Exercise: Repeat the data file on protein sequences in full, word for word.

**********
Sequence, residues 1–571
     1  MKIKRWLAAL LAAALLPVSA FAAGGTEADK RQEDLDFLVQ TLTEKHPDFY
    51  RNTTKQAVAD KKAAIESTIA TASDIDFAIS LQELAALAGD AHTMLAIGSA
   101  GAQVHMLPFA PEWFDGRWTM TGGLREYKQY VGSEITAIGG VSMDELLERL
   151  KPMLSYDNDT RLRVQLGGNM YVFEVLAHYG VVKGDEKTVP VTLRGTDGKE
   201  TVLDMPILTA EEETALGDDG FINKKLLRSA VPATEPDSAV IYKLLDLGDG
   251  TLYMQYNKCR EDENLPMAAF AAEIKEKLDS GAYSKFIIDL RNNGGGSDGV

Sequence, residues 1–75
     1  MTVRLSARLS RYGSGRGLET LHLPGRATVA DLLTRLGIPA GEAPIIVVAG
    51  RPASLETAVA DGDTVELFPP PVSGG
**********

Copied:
Sequence, residues 1–571
     1  MKIKRWLAAL LAAALLPVSA FAAGGTEADK RQEDLDFLVQ TLTEKHPDFY
    51  RNTTKQAVAD KKAAIESTIA TASDIDFAIS LQELAALAGD AHTMLAIGSA
   101  GAQVHMLPFA PEWFDGRWTM TGGLREYKQY VGSEITAIGG VSMDELLERL
   151  KPMLSYDNDT RLRVQLGGNM YVFEVLAHYG VVKGDEKTVP VTLRGTDGKE
   201  TVLDMPILTA EEETALGDDG FINKKLLRSA VPATEPDSAV IYKLLDLGDG
   251  TLYMQYNKCR EDENLPMAAF AAEIKEKLDS GAYSKFIIDL RNNGGGSDGV

Sequence, residues 1–75
     1  MTVRLSARLS RYGSGRGLET LHLPGRATVA DLLTRLGIPA GEAPIIVVAG
    51  RPASLETAVA DGDTVELFPP PVSGG